Friday, February 29, 2008

Misconduct: Where are the Consequences?

A story on Bloomberg starts as follows:
James C. Vestal, a Texas urologist, exposed his patients to ``unnecessary risk'' and ``submitted false information in required reports'' during the clinical trial of a prostate cancer drug, according to the U.S. Food and Drug Administration. The agency's drug division ``believes that you repeatedly or deliberately violated regulations governing the proper conduct of clinical studies,'' the FDA said in a letter to Vestal. ``Accordingly, FDA proposes that you be disqualified as a clinical investigator.'' The FDA didn't send the letter starting disciplinary action against Vestal until May 2007, more than three years after his violations of agency rules were detailed in reports by the FDA's own staff investigators. Vestal continued to conduct drug trials as recently as last year, as he was permitted to do. He has stopped voluntarily while negotiating with the FDA on his case. The agency has failed to complete disciplinary action against 12 researchers, including Vestal, after proposing that they be disqualified from trials based on findings that they violated rules designed to protect patients and ensure accurate data, FDA records show. Cases have remained unresolved for as long as a decade.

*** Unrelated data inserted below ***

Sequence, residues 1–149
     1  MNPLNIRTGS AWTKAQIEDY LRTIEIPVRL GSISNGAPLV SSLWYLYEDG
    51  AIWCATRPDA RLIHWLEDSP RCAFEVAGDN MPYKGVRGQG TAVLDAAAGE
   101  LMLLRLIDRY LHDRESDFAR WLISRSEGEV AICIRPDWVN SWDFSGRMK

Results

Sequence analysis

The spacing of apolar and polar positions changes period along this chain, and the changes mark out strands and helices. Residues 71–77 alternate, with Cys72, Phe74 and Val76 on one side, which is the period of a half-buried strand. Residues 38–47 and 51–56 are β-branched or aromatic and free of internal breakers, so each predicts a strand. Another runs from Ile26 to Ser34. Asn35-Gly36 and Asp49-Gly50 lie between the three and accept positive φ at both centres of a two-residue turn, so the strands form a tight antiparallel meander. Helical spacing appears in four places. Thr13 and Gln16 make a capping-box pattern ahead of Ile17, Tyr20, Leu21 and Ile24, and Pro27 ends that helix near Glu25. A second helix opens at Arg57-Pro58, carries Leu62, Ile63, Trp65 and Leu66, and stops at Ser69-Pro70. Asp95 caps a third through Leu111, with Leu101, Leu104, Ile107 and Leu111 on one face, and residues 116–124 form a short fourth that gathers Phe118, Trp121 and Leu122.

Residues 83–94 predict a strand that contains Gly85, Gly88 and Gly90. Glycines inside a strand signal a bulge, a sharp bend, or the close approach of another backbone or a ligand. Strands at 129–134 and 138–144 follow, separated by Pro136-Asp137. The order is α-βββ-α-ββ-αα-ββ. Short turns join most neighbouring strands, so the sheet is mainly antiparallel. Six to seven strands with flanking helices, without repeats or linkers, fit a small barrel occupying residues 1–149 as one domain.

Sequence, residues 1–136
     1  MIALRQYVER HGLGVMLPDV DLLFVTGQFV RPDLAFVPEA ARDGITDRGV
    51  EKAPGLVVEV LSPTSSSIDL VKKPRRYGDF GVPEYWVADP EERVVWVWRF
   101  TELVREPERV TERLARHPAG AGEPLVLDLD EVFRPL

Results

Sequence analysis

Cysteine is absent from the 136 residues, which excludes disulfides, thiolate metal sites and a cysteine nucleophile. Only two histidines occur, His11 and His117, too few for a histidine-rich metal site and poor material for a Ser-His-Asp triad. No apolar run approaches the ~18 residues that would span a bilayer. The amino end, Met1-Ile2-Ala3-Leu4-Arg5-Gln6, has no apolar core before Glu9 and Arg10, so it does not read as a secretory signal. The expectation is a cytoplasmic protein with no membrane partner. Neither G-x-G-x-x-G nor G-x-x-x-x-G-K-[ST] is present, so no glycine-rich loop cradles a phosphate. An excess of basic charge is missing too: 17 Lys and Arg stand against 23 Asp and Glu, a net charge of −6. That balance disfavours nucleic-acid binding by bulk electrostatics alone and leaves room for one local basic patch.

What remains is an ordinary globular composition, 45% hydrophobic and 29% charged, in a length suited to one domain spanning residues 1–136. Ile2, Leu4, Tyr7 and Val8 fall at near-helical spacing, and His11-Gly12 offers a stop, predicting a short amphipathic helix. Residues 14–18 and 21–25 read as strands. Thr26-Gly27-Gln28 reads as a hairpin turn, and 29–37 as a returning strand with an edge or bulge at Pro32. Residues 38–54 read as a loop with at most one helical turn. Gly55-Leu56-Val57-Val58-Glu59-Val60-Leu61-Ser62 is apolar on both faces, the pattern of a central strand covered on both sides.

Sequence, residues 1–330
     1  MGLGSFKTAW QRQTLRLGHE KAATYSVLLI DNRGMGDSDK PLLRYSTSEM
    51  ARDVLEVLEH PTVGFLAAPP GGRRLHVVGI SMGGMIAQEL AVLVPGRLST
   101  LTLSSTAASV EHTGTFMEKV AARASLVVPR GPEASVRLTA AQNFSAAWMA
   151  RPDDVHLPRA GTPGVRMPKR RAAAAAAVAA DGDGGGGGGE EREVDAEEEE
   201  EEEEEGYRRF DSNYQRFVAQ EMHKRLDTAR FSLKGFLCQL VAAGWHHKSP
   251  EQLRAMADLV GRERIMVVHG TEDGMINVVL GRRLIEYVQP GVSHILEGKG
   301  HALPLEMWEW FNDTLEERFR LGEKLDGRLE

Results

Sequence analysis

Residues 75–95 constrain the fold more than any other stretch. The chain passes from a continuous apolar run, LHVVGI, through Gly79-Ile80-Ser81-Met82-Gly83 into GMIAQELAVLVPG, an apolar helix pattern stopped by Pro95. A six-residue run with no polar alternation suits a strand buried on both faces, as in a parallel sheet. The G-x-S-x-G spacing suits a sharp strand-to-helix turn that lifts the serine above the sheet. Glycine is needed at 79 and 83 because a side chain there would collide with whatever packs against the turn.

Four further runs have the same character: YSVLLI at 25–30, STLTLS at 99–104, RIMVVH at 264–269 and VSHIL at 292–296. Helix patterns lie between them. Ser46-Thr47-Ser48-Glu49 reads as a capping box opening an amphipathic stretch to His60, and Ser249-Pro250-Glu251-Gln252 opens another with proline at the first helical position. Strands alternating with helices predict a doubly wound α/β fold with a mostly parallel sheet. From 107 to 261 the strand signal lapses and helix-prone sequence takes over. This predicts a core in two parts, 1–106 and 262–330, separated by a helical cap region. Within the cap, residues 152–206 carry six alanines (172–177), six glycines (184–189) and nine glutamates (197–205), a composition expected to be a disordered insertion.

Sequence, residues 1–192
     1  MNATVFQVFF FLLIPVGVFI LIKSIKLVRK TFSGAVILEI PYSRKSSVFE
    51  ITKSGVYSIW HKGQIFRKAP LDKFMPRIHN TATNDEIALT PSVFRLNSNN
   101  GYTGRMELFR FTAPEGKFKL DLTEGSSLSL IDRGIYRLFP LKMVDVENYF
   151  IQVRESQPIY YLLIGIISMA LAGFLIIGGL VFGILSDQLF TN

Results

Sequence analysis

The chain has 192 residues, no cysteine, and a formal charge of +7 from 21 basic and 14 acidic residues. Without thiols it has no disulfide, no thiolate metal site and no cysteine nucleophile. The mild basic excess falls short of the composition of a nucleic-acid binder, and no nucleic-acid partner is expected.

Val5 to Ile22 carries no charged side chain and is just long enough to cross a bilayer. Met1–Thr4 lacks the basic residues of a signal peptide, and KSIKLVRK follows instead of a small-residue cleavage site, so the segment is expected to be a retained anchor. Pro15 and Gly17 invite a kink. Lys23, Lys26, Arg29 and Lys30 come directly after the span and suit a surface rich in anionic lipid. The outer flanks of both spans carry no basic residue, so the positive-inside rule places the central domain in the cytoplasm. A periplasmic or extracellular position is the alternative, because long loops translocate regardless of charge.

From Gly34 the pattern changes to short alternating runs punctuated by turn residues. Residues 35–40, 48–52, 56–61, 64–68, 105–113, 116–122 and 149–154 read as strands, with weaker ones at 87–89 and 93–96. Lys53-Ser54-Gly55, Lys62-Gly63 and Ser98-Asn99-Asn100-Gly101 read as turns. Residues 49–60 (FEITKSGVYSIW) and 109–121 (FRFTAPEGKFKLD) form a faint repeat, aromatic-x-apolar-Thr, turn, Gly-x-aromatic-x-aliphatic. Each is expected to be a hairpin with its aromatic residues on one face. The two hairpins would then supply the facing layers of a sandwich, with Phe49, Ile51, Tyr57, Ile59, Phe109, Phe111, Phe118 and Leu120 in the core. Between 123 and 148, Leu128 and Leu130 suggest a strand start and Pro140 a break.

Read the whole piece. Regular readers will be angered, but not surprised. David Linden has sex with patients along with other transgressions and gets a slap with a limp noodle. And if you think Linden's record is frightening, check out that of Dr. Louis Fabre (1, 2). Whether it is serious scientific misconduct, high-level sexual misconduct, or whatever else, the penalty is the same -- a slap on the wrist at most. So expect more of the same.

P.S. My post on Effexor is developing quite slowly. I hope to have it up next week.

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